At least there's still the video and the song to siphon off a sense of rage. (While enjoying it, why not load this page full of facts apparently completely irrelevant to Arizona.) Incredibly, this was actually played on MTV for a few days before white people who felt oppressed and discriminated against safely segregated it to late-night airings on Yo! MTV Raps, thus restoring America.

Now that I think about it, I definitely want to avoid AM radio. It's bummer enough watching people scrape dark sludge off some of the nicest beaches I've ever seen; I don't need someone explaining to me how it's the black president's fault and that the hue and spread are God's righteous metaphors.

4 comments:

  1. Here's another Official Sign of Apocalypse for ya: birther queen Orly Taitz actually stands a good chance to win the California GOP's nomination for sectretary of state. Embrace the hideousness here:

    http://www.frumforum.com/can-orly-taitz-win-her-primary

    As for Florida, when I think of it I don't think of beaches. I think of the Jerky Boys "Pablo Honey" instead (and, yes, Radiohead actually did name their first big album after a crank call). "Pablo, honey, when are you coming back to Florida? We miss you. Pablo, honey, are you keeping your ass clean, you big brown bastard?". And the exasperated guy on the other end of the phone going, "Who is this? Who is this? Who the fuck is this?". The "Jersey Shore" gang being in Miami for season two didn't help the state's image very much either. I heard that it was so bad that whenever the wind kicked up around the "kids" you could literally smell the herpes wafting through the air. Kind of makes the upcoming oil spill carnage look like fun by comparison.

    BTW, I think the jackass who used to govern Arizona back in the Public Enemy days was Evan (not John) Mecham. I sort of remember a Doonesbury strip based on the MLK controversy where the good governor was patting a black kid on the head and saying something along the lines of, "Oh, my, what a sweet little pickaninny!". Funny how this shit sorts of writes itself with little to no assistance whatsoever from outside commentators. Personally I was hoping that all the illegals would organize and spontaneously take a month off of work and literally end up collapsing the entire national economy just from the sheer fact of none of them showing up to do any of the shit work. But the lesson, as obvious as a hammer attack to the genitals should normally be, probably wouldn't stick with any of the Real Americans. All people like Orly would end up doing would be to just blame more of it on their most-hated pickaninny in the White House.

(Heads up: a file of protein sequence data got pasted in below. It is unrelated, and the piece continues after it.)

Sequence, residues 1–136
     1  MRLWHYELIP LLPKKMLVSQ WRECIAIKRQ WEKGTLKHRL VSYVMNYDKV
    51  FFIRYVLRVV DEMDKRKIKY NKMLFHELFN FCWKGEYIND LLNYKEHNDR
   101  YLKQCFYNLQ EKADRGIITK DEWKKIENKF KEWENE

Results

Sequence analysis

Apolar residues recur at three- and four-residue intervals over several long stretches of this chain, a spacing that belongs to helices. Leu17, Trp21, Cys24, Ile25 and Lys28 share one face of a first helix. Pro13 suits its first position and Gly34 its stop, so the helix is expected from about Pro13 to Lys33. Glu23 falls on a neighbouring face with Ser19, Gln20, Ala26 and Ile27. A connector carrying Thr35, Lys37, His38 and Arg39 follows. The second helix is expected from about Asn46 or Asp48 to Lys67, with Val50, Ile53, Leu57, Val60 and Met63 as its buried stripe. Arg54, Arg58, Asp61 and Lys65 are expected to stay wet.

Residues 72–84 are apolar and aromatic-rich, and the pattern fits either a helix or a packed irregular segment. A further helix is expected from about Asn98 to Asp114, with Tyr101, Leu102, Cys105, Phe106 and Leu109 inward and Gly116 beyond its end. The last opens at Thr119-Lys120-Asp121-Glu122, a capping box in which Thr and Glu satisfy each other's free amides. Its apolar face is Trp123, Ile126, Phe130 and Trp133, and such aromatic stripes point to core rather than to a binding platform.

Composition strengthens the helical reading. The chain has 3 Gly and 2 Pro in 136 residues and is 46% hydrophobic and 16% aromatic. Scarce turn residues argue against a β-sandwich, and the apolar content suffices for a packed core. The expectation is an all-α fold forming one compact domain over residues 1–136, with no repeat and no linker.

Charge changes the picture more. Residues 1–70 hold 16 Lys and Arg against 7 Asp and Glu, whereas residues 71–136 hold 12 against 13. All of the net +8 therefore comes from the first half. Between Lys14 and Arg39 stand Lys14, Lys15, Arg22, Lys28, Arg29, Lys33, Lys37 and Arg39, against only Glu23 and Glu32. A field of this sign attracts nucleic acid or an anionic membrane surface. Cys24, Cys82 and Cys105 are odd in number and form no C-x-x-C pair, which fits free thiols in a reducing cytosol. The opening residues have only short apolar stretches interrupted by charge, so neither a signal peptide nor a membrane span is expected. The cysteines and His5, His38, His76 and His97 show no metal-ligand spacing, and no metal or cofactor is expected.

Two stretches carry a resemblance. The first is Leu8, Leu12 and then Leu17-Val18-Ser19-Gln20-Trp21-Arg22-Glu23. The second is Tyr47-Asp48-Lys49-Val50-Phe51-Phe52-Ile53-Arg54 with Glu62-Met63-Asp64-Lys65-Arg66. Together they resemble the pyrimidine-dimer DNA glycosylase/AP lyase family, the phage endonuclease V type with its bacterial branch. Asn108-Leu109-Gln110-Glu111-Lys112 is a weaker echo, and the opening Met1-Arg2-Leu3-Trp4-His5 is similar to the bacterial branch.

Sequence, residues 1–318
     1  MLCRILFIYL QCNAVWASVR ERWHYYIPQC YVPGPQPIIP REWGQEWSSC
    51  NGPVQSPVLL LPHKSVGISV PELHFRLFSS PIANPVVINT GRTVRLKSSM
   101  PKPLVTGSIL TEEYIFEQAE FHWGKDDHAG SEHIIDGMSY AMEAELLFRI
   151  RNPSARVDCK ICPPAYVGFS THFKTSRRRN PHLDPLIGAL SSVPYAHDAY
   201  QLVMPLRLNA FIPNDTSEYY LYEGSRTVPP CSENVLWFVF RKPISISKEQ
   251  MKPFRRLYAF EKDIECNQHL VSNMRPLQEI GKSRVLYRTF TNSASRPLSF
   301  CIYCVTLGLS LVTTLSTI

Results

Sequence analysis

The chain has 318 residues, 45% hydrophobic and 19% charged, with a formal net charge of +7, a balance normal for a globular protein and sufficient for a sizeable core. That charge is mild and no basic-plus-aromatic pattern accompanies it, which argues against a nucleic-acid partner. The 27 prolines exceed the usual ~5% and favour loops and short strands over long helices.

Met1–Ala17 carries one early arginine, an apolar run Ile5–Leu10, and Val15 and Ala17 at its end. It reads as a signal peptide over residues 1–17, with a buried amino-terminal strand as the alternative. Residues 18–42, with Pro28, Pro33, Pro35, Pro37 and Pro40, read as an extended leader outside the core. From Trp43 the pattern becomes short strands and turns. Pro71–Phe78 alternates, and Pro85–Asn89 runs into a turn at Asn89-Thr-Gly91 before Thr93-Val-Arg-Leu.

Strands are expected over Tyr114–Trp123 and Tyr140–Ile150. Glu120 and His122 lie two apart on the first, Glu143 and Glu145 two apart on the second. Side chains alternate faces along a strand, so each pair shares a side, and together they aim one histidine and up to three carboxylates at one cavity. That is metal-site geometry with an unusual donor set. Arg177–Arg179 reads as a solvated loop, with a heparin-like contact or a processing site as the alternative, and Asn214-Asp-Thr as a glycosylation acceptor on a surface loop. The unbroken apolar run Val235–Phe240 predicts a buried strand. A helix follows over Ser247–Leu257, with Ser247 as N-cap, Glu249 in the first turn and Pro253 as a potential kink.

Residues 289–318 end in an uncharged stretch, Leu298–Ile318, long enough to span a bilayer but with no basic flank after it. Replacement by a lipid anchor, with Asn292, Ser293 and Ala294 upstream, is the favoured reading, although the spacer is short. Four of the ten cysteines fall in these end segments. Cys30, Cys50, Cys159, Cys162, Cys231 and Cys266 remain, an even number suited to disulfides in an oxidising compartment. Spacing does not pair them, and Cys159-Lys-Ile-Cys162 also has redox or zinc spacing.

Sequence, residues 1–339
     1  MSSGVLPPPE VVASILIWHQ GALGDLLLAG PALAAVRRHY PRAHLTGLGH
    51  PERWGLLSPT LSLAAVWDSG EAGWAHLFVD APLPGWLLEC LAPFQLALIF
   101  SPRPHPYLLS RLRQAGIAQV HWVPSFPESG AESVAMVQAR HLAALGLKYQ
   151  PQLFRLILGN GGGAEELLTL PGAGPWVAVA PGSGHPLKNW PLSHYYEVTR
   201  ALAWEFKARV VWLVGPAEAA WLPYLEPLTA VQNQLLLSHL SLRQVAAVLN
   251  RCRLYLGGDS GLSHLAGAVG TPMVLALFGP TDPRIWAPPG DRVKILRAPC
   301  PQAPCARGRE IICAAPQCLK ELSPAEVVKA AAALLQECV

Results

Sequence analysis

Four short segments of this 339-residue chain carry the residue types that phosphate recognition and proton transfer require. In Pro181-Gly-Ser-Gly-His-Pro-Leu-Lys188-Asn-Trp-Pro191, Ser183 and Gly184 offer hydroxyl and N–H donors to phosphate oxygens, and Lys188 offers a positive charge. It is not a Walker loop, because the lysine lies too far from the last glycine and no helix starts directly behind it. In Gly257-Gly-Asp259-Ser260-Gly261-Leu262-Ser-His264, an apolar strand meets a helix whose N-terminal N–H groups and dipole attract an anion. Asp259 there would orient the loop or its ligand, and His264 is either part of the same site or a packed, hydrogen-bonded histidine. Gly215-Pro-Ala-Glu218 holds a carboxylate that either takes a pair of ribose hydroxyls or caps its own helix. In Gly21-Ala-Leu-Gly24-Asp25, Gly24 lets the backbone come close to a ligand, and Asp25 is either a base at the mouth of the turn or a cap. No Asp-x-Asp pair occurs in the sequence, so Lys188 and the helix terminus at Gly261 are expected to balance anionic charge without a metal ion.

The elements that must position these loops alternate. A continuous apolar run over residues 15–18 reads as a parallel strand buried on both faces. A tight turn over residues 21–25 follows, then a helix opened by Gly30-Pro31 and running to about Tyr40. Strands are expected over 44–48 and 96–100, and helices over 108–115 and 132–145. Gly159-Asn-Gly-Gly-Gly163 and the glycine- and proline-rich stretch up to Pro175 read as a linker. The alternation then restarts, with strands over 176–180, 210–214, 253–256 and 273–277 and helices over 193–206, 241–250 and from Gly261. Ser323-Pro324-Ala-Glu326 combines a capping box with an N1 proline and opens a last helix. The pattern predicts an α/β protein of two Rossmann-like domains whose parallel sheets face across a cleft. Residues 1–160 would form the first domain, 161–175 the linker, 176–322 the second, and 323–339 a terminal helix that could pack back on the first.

Does any of this shit ever end? Or am I just gonna have to give up on the news altogether before it drives me totally batshit out of sheer frustration?

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  2. Thank you for introducing me to my new favorite rap song.

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  3. Man, I have always loved PE, and your invocation of them couldn't come at a more appropriate time. But you're right that in this day and time, invoking the spectre of political assassination is only acceptable when it's white folks suggesting the murder of those whose political ideas differ with theirs.

    -B

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Et tu, Mr. Destructo? is a politics, sports and media blog whose purpose is to tell jokes or be really right about things. All of us have real jobs and don't need the hassle that telling jokes here might occasion, which is why some contributors find it more tasteful to pretend to be dead mass murderers.